On the evening of May 11, 1992, in the middle of what was Bibb County’s most violent-death-wracked year in modern times, Daphene Hudson and her 3-year-old grandson, David Hudson, were shot and killed, their throats slashed, in some woods off Ga. 247.
Their killer, Curtis “Shorty” Crosby, 24, who attacked out of revenge to get back at another relative, killed himself that night. The slayings came in the midst of a 12-month span of bloodshed that claimed 43 lives countywide. The Hudsons' deaths that mid-May evening were homicides No. 14 and No. 15 of the year.
On Friday morning in western Bibb County, the body of a man shot in the head and killed was found along Dixon Road. His death marked the 17th slaying here this year.
Over the past quarter-century, the homicide toll here has eclipsed 30 just twice — 32 were slain in Macon alone in 1994, and 30 were killed countywide last year.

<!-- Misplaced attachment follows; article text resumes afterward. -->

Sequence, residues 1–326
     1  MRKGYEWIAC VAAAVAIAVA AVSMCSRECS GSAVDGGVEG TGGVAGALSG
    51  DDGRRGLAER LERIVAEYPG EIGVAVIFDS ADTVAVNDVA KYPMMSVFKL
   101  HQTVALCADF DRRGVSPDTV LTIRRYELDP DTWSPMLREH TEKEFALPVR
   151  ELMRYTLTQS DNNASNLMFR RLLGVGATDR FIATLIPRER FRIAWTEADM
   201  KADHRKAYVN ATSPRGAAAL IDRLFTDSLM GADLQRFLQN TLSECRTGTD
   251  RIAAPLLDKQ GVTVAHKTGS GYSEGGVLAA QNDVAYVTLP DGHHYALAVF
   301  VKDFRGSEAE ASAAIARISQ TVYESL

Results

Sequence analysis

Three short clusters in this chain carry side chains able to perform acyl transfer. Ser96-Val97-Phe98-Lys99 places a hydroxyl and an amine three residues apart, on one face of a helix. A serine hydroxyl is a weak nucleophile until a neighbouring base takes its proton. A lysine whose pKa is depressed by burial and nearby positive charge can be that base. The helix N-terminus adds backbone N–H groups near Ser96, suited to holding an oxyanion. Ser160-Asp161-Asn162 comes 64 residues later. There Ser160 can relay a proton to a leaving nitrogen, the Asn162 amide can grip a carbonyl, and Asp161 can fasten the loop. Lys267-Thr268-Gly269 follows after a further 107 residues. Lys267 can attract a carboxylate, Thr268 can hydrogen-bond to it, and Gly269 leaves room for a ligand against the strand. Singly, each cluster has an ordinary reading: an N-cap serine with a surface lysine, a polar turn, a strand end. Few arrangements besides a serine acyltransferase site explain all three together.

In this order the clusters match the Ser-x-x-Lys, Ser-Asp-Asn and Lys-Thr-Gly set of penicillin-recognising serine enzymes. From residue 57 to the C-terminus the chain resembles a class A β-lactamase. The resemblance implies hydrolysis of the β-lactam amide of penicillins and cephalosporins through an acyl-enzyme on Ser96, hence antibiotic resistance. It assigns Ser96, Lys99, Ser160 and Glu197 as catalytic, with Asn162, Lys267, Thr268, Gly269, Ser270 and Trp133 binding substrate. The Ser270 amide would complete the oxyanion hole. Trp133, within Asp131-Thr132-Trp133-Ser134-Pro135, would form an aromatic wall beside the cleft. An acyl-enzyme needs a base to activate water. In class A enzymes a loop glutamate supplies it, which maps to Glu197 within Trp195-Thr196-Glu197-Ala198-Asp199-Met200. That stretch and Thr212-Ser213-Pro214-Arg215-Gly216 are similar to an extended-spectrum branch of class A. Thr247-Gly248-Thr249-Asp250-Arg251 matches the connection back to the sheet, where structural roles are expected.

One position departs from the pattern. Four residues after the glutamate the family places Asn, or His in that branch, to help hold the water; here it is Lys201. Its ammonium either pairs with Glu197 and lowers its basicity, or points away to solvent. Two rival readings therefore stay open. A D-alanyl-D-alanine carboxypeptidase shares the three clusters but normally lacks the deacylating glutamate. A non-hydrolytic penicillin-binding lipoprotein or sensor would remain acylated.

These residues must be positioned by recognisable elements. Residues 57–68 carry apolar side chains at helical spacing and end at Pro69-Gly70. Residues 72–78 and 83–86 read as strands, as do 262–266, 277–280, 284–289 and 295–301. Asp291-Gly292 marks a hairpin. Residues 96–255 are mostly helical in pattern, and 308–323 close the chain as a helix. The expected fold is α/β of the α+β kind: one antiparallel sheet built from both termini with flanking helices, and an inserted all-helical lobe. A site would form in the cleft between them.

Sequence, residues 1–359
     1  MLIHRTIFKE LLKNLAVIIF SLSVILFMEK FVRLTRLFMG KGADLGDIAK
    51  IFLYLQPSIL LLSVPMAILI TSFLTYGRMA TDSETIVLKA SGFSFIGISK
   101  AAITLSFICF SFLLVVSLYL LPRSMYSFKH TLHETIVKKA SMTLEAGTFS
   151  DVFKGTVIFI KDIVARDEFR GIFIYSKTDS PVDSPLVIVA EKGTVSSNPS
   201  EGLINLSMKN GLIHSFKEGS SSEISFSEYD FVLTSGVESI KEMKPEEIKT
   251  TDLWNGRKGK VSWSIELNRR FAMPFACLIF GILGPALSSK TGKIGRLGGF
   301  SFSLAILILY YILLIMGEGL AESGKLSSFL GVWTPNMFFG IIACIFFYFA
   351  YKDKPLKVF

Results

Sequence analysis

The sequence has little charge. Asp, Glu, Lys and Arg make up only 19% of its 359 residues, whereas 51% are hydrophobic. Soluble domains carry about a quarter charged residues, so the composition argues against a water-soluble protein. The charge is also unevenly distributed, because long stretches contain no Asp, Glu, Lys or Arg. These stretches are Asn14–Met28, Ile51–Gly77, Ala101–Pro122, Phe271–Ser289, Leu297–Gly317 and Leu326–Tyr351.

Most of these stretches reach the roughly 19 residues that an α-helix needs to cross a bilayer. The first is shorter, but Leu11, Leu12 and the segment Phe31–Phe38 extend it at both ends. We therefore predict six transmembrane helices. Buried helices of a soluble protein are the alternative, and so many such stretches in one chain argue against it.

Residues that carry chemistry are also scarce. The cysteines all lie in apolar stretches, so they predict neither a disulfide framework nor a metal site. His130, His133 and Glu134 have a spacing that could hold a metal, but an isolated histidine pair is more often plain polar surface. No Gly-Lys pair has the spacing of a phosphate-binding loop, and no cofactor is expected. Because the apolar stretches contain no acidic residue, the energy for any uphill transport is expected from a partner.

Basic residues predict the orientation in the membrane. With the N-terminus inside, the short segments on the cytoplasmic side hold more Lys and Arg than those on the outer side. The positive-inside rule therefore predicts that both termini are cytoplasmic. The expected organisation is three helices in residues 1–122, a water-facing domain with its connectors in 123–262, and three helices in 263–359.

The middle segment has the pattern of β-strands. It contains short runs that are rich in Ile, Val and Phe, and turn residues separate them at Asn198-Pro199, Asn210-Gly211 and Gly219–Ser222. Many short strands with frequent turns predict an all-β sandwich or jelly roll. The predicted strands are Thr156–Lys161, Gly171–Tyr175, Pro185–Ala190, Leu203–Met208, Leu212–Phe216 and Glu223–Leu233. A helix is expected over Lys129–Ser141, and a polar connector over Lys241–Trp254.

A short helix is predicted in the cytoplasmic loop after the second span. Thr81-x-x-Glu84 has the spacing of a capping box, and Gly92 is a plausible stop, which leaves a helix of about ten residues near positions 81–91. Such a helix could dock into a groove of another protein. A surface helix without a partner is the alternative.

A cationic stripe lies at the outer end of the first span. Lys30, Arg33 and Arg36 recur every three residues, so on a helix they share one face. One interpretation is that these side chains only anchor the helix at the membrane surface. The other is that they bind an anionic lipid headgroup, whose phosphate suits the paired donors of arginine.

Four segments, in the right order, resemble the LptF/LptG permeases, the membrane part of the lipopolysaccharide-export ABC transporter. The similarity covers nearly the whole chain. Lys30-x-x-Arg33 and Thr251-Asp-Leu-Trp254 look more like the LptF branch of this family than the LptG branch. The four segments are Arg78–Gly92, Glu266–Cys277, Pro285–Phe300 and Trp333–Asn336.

During violence-plagued 1992, as former Macon police detective Jimmy Barbee told The Telegraph this week, “We stayed tired because we worked all the time. … We would help one squad with their homicide and pray we didn’t have one on our shift.”
Much of the killing then was fueled by the crack-cocaine epidemic. And, in fact, nearly half of the 1992 slayings were drug-related.
Barbee was quoted at the time saying that most of the killers and victims knew one other: “And two minutes after it’s done, (the killers) wish they could take it back. But they can’t. They’re real sorry, but it’s too late.”
Homicides are a century-old problem for Macon.
Consider that in 1935, when the population was roughly half what it is now, there were 31 slayings.
At the time, a front-page headline in The Telegraph blared, “Macon’s Homicide Rate Is Five Times Higher Than Over U.S.”
The accompanying article began:
A discussion of Macon’s homicide rate, which is described as “five times as high as the national rate,” (was) featured (in) the weekly statement issued by Dr. J.D. Applewhite, city-county health officer. Dr. Applewhite declared there is need “for an intensive campaign of crime prevention.”
On Friday evening when a reporter read him the local crime stats from the mid-1930s, Bibb Sheriff David Davis said, “The good ol’ days were never as good as our nostalgia makes them.”